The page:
20. Schlesinger, L. S., Bellinger-Kawahara, C. G., Payne, N. R., and Horwitz, M. A. (1990) Phagocytosis of Mycobacterium Tuberculosis is Mediated by Human Monocyte Complement Receptors and Complement Component C3. J Immunol. 144, 2771-2780.
21. Mevorach, D., Mascarenhas, J. O., Gershov, D., and Elkon, K. B. (1998) Complement-Dependent Clearance of Apoptotic Cells by Human Macrophages. J Exp Med. 188, 2313-2320.
22. Frick, C., Odermatt, A., Zen, K., Mandell, K. J., Edens, H., Portmann, R., Mazzucchelli, L., Jaye, D. L., and Parkos, C. A. (2005) Interaction of ICAM-1 with Beta 2-Integrin CD11c/CD18: Characterization of a Peptide Ligand that Mimics a Putative Binding Site on Domain D4 of ICAM-1. Eur J Immunol. 35, 3610-3621.
23. Blackford, J., Reid, H. W., Pappin, D. J., Bowers, F. S., and Wilkinson, J. M. (1996) A Monoclonal Antibody, 3/22, to Rabbit CD11c which Induces Homotypic T Cell Aggregation: Evidence that ICAM-1 is a Ligand for CD11c/CD18. Eur J Immunol. 26, 525-531.
24. Ihanus, E., Uotila, L. M., Toivanen, A., Varis, M., and Gahmberg, C. G. (2007) Red-Cell ICAM-4 is a Ligand for the monocyte/macrophage Integrin CD11c/CD18: Characterization of the Binding Sites on ICAM-4. Blood. 109, 802-810.
25. Sadhu, C., Ting, H. J., Lipsky, B., Hensley, K., Garcia-Martinez, L. F., Simon, S. I., and Staunton, D. E. (2007) CD11c/CD18: Novel Ligands and a Role in Delayed-Type Hypersensitivity. J Leukoc Biol. 81, 1395-1403.
26. Gower, R. M., Wu, H., Foster, G. A., Devaraj, S., Jialal, I., Ballantyne, C. M., Knowlton, A. A., and Simon, S. I. (2011) CD11c/CD18 Expression is Upregulated on Blood Monocytes during Hypertriglyceridemia and Enhances Adhesion to Vascular Cell Adhesion Molecule-1. Arterioscler Thromb Vasc Biol. 31, 160-166.
27. Bilsland, C. A., Diamond, M. S., and Springer, T. A. (1994) The Leukocyte Integrin p150,95 (CD11c/CD18) as a Receptor for iC3b. Activation by a Heterologous Beta Subunit and Localization of a Ligand Recognition Site to the I Domain. J Immunol. 152, 4582-4589.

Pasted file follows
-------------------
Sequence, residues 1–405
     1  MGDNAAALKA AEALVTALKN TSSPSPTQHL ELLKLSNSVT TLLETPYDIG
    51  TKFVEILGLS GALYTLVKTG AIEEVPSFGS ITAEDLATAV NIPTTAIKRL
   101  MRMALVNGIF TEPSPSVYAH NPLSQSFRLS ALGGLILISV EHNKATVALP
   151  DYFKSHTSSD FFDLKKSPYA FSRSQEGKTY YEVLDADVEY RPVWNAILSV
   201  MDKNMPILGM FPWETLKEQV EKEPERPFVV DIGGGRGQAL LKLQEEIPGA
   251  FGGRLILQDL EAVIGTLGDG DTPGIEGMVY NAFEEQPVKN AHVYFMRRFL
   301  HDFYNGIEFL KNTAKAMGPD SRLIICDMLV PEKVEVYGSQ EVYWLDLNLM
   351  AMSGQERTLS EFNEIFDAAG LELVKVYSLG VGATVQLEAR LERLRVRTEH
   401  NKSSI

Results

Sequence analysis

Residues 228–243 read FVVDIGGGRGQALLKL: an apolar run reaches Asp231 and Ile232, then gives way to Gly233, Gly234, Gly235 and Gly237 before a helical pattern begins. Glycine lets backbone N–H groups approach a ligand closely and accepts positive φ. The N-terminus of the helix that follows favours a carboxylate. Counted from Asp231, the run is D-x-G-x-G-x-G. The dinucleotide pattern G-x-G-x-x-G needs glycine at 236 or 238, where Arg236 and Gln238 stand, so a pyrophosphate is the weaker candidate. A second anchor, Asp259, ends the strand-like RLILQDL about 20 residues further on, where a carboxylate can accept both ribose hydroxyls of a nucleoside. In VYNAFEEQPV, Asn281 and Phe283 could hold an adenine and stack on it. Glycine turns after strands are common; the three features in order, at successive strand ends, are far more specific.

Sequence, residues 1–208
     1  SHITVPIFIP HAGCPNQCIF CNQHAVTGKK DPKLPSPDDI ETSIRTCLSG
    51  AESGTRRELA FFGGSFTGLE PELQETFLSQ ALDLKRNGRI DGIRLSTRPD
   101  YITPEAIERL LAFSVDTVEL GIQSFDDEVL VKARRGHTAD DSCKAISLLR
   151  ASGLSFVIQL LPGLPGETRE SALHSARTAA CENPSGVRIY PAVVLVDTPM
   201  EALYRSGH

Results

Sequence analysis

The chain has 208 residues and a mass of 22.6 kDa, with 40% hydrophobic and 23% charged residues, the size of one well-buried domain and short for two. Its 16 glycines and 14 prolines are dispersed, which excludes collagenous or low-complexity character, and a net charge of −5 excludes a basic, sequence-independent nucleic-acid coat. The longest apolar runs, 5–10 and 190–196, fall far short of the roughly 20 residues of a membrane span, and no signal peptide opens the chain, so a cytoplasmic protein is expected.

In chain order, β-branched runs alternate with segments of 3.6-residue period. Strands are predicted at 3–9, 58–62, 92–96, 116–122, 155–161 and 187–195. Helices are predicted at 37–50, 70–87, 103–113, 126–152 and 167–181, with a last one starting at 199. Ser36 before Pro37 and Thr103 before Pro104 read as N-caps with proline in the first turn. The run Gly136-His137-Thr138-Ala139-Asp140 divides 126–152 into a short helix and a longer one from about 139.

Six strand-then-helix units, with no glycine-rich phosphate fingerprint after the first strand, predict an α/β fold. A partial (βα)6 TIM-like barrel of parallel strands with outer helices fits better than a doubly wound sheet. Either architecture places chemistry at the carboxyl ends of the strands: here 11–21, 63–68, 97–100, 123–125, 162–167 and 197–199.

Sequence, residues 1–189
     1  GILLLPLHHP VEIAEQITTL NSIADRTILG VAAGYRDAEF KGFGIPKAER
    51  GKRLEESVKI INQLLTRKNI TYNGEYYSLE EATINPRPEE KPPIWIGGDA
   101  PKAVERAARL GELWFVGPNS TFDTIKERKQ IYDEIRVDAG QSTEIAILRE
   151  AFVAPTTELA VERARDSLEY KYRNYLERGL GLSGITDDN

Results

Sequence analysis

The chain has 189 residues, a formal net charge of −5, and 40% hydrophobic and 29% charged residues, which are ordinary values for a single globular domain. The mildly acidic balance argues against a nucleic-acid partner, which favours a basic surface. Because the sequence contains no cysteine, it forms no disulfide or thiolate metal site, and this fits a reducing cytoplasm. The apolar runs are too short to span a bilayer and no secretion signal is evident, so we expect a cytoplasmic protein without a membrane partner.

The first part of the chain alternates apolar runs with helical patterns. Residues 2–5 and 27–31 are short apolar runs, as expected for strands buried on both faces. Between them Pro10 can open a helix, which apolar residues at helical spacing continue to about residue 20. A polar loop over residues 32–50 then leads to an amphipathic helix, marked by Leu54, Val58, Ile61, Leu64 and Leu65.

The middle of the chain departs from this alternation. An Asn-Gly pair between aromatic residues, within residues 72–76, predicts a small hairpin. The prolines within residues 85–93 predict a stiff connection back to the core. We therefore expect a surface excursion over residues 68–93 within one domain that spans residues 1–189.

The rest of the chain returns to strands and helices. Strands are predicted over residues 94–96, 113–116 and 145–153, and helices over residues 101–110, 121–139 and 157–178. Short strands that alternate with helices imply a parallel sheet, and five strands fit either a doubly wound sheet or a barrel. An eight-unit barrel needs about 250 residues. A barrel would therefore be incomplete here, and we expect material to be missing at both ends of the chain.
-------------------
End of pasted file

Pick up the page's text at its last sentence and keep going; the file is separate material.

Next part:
28. Nham, S. U. (1999) Characteristics of Fibrinogen Binding to the Domain of CD11c, an Alpha Subunit of p150,95. Biochem Biophys Res Commun. 264, 630-634.
29. Postigo, A. A., Corbi, A. L., Sanchez-Madrid, F., and de Landazuri, M. O. (1991) Regulated Expression and Function of CD11c/CD18 Integrin on Human B Lymphocytes. Relation between Attachment to Fibrinogen and Triggering of Proliferation through CD11c/CD18. J Exp Med. 174, 1313-1322.
30. Loike, J. D., Sodeik, B., Cao, L., Leucona, S., Weitz, J. I., Detmers, P. A., Wright, S. D., and Silverstein, S. C. (1991) CD11c/CD18 on Neutrophils Recognizes a Domain at the N Terminus of the A Alpha Chain of Fibrinogen. Proc Natl Acad Sci U S A. 88, 1044-1048.
31. Garnotel, R., Rittie, L., Poitevin, S., Monboisse, J. C., Nguyen, P., Potron, G., Maquart, F. X., Randoux, A., and Gillery, P. (2000) Human Blood Monocytes Interact with Type I Collagen through Alpha x Beta 2 Integrin (CD11c-CD18, gp150-95). J Immunol. 164, 5928-5934.
32. Diamond, M. S., Alon, R., Parkos, C. A., Quinn, M. T., and Springer, T. A. (1995) Heparin is an Adhesive Ligand for the Leukocyte Integrin Mac-1 (CD11b/CD1). J Cell Biol. 130, 1473-1482.
33. Vorup-Jensen, T., Chi, L., Gjelstrup, L. C., Jensen, U. B., Jewett, C. A., Xie, C., Shimaoka, M., Linhardt, R. J., and Springer, T. A. (2007) Binding between the Integrin alphaXbeta2 (CD11c/CD18) and Heparin. J Biol Chem. 282, 30869-30877.
34. Ingalls, R. R., and Golenbock, D. T. (1995) CD11c/CD18, a Transmembrane Signaling Receptor for Lipopolysaccharide. J Exp Med. 181, 1473-1479.
35. Ohnmacht, C., Pullner, A., King, S. B., Drexler, I., Meier, S., Brocker, T., and Voehringer, D. (2009) Constitutive Ablation of Dendritic Cells Breaks Self-Tolerance of CD4 T Cells and Results in Spontaneous Fatal Autoimmunity. J Exp Med. 206, 549-559.
36. Bar-On, L., and Jung, S. (2010) Defining in Vivo Dendritic Cell Functions using CD11c-DTR Transgenic Mice. Methods Mol Biol. 595, 429-442.
37. Bullard, D. C., Hu, X., Adams, J. E., Schoeb, T. R., and Barnum, S. R. (2007) P150/95 (CD11c/CD18) Expression is Required for the Development of Experimental Autoimmune Encephalomyelitis. Am J Pathol. 170, 2001-2008.
38. Ren, B., McCrory, M. A., Pass, C., Bullard, D. C., Ballantyne, C. M., Xu, Y., Briles, D. E., and Szalai, A. J. (2004) The Virulence Function of Streptococcus Pneumoniae Surface Protein A Involves Inhibition of Complement Activation and Impairment of Complement Receptor-Mediated Protection. J Immunol. 173, 7506-7512.
|Science Writers||Anne Murray|
|Illustrators||Peter Jurek, Katherine Timer|
|Authors||Ming Zeng, Xue Zhong, Bruce Beutler|